The Step of Yu - Creative Arts

The Element Encyclopedia of Witchcraft: The Complete A-Z for the Entire Magical World - Judika Illes 2005

The Step of Yu
Creative Arts

This dance step associated with Taoist shamans (and often particularly with female shamans) commemorates Da-yu (also spelled Ta-yu) or Yu the Great, the mythical founder of China’s Xia Dynasty. Yu was also a great shaman, allegedly able to control storms and floods. He was partially paralyzed and walked with a limp; an imitation of his step was transformed into a shamanic dance—or so the legend says.

The earliest written reference to “the Step of Yu” (or in Chinese, Yu-bu) derives from the fourth century BCE with a description from the Taoist philosopher Ko Hong. The Step of Yu was a hopping dance: the dancer first leads with the left foot, then shifts to the right, in the meantime, simultaneously, dragging the other leg.

The limping step may be understood as more than mere imitation. Although the dance is named for Yu, the limping step associated with shamans may be far older.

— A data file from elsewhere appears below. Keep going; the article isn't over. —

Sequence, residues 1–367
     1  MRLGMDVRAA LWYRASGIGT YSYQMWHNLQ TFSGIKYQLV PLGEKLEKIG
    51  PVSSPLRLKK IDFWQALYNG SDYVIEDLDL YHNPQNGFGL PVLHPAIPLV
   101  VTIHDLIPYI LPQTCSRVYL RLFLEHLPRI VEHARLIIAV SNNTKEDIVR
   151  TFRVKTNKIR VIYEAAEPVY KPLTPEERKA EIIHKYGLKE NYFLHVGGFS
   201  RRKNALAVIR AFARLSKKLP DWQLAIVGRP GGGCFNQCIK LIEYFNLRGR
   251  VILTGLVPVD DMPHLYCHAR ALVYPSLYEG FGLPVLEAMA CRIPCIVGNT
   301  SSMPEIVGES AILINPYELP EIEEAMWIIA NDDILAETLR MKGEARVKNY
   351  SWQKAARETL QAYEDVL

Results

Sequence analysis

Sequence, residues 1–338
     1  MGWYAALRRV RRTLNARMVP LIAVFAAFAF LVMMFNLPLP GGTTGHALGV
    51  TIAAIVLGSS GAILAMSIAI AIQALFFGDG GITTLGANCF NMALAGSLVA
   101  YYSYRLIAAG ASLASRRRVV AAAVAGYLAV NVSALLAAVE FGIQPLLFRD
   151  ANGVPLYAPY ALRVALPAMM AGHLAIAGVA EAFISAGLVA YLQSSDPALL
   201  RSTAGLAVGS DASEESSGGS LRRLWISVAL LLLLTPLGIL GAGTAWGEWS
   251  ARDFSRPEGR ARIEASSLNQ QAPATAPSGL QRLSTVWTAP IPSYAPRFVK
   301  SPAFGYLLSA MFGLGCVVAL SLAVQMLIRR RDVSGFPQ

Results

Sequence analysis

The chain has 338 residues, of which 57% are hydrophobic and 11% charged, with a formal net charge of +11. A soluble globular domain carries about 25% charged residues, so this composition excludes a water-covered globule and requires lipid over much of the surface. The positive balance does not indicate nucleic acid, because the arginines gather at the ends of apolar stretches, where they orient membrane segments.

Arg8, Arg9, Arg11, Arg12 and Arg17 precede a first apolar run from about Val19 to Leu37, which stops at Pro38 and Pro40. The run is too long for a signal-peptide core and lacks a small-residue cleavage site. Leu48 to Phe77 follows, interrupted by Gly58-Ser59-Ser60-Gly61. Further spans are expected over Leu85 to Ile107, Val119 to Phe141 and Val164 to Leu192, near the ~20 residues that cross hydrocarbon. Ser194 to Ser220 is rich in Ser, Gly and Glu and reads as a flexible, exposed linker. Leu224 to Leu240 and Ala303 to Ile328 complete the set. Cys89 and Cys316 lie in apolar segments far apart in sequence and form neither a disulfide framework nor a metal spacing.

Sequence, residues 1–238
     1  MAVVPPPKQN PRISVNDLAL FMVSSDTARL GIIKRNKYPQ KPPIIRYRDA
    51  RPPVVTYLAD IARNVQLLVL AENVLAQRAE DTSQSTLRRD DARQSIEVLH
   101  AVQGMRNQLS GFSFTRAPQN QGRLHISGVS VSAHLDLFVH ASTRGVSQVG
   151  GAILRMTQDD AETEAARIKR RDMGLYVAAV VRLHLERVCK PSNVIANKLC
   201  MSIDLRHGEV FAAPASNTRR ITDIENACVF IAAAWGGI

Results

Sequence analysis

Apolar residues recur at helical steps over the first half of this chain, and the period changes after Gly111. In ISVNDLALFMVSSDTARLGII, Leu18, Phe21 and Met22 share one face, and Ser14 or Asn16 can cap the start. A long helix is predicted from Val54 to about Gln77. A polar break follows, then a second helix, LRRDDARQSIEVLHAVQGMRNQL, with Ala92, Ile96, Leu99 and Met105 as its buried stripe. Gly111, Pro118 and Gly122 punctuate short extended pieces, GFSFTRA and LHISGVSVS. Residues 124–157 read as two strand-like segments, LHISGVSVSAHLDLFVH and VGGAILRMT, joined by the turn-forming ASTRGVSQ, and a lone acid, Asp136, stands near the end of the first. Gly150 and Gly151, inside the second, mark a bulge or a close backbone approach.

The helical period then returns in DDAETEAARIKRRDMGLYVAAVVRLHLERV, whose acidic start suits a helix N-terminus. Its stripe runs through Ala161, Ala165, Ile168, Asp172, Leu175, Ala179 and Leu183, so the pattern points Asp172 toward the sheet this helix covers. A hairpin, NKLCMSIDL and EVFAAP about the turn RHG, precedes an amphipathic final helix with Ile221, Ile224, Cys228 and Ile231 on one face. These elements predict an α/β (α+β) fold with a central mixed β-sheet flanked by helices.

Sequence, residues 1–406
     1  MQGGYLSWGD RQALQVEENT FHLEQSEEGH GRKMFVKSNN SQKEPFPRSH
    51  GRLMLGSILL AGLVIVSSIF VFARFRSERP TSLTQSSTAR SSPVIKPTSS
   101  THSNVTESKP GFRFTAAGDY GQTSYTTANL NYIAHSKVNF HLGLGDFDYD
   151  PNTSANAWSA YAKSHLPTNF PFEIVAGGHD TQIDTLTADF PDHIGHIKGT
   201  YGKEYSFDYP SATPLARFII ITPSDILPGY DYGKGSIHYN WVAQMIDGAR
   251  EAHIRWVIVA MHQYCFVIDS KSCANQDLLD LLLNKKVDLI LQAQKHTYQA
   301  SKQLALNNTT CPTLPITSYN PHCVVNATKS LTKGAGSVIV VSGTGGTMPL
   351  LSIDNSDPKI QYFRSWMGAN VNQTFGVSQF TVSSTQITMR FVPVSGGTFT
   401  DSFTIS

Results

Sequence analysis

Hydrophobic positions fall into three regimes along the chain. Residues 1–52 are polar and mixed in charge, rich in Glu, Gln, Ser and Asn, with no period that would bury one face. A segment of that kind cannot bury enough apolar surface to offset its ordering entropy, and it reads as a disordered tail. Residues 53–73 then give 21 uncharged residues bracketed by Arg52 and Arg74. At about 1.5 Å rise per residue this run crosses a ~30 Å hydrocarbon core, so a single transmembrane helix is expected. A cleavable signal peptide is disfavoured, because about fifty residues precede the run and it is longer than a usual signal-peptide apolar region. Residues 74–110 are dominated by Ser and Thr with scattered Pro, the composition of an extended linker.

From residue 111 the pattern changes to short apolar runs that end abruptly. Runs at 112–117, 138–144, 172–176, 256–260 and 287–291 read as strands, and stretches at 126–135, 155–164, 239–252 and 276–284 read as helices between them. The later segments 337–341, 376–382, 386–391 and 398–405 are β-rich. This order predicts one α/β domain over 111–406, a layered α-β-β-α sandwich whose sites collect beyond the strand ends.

For reasons that remain mysterious, a tremendous number of shamanic heroes from all over Earth possess myths that involve wearing only one shoe or detail an injured or somehow vulnerable (special) foot. These include Achilles, Jason of the Argonauts, Oedipus, Hephaestus, Wayland the Smith, and the biblical Jacob. The motif isn’t exclusive to men: in one story Medea removes one single sandal. One way of interpreting the secret meaning of the loss of Cinderella’s shoe is as a tale of successful shamanic initiation. (Shoes also represent female genitalia and so there are also other ways of interpreting the glass slipper that serves as the prince’s tool for identifying his perfect match.) Cinderella is able to escape from the degradation imposed on her when she learns to access her magic and shamanic powers. Walking with one shoe on and one shoe off demonstrates her successful initiation as a shaman.

Many of the trickster spirits who are so often sponsors of shamanism are also depicted limping, most notably perhaps Africa’s Papa Legba. Medieval depictions of the devil incorporated this image of the limping trickster. Satan was often portrayed during the witch-hunt era as having one shod human foot and one bare cloven goat’s hoof, causing him to limp. (See HORNED ONE.)

In some Northern regions, dances associated elsewhere with goats are performed in honor of bears. The shaman Yu was allegedly able to transform into a bear.